Bronzeville - Little Tokyo, Los Angeles
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In December 1944, the United States government announced it was allowing Japanese Americans to return to the West Coast, starting January 1945. News of their return stirred mixed feelings, particularly since World War II was still raging. The war would continue for another eight month.

Los Angeles County Forest and Fire Warden Spence D. Turner publicly stated he was "unalterably opposed" to their return, as did the American Legion County Council, which passed a resolution strongly opposing the return of the Japanese Americans until the war was over.

On the other hand, the Los Angeles office of the American Civil Liberties Union, applauded the move, saying this recognized the Bill of Rights in time of war as in peace.  

While some returning Japanese Americans faced threats and violence, there are no known reports in Bronzeville/Little Tokyo. A Jan. 4, 1945 California Eagle editorial even discouraged scapegoating the Japanese Americans and denounced the mainstream media for doing so.

Pilgrim House, through their Common Ground Committee, held a number of African American/Japanese American gatherings to foster better interracial relations, and even temporarily hired Sam Ishikawa on their staff.

Other African American leaders extended small outreach efforts by inviting returning Japanese Americans into their homes. At one informal brunch held at the home of John Allen, four Japanese Americans were the guests of honor - Private Tom Masamori, Ruth Horikawa, Yoneko Gotori and Agnes Ito.

Satoru Uyeda, one of the first Japanese Americans to return and open up a Bronzeville/Little Tokyo business, attempted to foster good business relations by hiring African Americans.

Samuel Evans, African American owner of the Bamboo Room on First and San Pedro streets, also had similar thoughts and hired returning Japanese Americans as waitresses.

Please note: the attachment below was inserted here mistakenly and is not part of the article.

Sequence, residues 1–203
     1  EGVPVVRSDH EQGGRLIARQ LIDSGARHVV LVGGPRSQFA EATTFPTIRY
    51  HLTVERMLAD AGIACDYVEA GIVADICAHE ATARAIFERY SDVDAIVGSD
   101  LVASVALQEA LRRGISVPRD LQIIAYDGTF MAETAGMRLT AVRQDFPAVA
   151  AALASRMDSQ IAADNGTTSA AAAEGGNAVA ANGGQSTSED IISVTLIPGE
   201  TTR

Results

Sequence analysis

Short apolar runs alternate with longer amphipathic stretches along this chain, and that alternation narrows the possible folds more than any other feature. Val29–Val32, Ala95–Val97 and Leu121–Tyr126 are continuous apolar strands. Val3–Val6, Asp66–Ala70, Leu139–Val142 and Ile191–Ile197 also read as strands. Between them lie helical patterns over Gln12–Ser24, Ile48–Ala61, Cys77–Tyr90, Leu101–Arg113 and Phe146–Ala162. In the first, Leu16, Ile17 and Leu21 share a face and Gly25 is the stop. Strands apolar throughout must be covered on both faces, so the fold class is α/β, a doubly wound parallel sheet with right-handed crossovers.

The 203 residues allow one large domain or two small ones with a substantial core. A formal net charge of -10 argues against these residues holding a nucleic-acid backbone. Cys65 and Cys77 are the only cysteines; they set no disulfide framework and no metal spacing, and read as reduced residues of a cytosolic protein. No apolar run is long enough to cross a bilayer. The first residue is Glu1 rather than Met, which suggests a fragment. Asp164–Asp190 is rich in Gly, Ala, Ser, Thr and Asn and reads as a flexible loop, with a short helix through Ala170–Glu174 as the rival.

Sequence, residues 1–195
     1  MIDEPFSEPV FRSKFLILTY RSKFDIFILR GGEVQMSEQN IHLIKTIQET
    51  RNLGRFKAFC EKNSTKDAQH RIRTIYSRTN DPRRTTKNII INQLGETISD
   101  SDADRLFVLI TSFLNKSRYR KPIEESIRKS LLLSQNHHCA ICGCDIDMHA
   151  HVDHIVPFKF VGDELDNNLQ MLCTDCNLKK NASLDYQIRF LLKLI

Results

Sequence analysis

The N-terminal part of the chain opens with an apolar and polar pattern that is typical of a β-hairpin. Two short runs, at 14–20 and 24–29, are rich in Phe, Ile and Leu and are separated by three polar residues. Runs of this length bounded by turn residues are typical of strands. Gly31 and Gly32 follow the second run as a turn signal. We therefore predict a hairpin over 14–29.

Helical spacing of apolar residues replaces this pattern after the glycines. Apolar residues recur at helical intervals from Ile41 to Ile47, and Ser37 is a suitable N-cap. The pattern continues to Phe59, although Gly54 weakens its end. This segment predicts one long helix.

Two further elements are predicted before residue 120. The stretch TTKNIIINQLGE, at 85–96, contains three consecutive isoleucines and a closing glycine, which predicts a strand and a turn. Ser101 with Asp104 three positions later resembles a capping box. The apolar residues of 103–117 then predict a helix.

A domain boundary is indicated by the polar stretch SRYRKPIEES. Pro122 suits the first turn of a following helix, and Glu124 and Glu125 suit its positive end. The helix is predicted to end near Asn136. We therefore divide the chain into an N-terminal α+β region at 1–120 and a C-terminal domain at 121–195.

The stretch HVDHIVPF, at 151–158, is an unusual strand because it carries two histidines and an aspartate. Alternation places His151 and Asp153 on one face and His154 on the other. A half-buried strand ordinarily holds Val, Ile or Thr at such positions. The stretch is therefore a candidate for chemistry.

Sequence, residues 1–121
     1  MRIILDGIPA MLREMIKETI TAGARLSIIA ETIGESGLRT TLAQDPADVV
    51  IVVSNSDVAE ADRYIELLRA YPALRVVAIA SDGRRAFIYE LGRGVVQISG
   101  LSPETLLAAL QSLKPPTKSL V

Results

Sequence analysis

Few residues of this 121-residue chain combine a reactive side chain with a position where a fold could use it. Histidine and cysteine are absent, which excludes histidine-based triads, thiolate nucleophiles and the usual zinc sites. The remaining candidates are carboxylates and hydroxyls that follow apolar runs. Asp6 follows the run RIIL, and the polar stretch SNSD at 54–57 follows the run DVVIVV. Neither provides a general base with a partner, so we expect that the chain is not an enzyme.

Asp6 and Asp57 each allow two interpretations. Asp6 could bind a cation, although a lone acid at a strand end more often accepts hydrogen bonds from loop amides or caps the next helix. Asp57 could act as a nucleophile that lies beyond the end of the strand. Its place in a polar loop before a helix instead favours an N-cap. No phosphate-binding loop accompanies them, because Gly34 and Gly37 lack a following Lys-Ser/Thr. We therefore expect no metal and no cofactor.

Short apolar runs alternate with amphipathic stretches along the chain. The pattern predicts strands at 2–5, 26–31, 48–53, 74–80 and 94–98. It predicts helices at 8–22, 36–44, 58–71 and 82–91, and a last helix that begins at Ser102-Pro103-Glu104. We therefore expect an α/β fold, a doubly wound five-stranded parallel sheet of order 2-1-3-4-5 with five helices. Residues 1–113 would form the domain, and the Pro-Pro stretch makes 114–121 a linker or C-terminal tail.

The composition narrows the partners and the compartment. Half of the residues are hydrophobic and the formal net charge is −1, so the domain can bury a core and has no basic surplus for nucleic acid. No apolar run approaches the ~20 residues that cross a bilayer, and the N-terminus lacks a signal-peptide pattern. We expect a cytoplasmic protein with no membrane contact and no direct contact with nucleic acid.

During Easter Sunday of 1945, a group of African Americans welcomed a group of returning Japanese Americans with a bouquet of flowers, according to the Chicago Defender, an African American newspaper.

The Los Angeles Tribune, a Los Angeles-based African American newspaper, put out an employment ad in the Pacific Citizen, the newspaper for the Japanese American Citizens League (JACL). Award-winning writers Hisaye Yamamoto, would be one of three Japanese Americans hired at the Tribune. Award-winning writer Wakako Yamauchi babysat the children of Almena Lomax, Tribune publisher and editor. Later, Crossroads, a Japanese American publication, was printed at the Tribune plant.

Once the war ended in August 1945, most of the United States confinement camps closed down and more Japanese Americans returned to the West Coast, accelerating the transition of Bronzeville back to Little Tokyo.

In a November 1945 issue of the JACL Reporter, an additional wartime publication to JACL's Pacific Citizen newspaper, Saburo Kido, JACL president, wrote about his visit to Bronzeville/Little Tokyo.

"Los Angeles is going to have its L'il Tokyo again. It was reported that already there were 21 eating places open or being prepared for business. Some were doing landslide business while others were barely making ends meet. This knocked the idea that I had about anyone being able to make money when he opens an eating place these days. There must be a good cook or some attraction to bring in the customers. It was good to see white, colored and Japanese eating at one place. Of course this did not apply to the cafes or restaurants serving strictly Japanese food....The old Miyako Hotel on the corner of East First and South San Pedro is going to be back in Japanese hands from November 1. I stopped at this place which was still under Negro management. I nearly had to sleep in the park the second night. I had not checked out so I thought my room would be reserved for me. Imagine my surprise and consternation when the room clerk told me at 10:30 p.m. that I had been checked out since I had not paid my next day's rent. I was lucky to have a room without a bath because I noticed that there was no vacancy after that until my departure.

"The old Shokin building is known as the Vimcar building. It had been closed during the duration of the war and has been opened only recently. The trouble with this place is that the rent is high, $75 a room. However, doctors and dentists are taking up the space because the building is centrally located. JACL's office is located here. We are getting a special rate for four months after which we shall have to decide whether to continue the office in Los Angeles or close up. Everything depends upon the service we can render, the need for such an office, and the finances of national headquarters."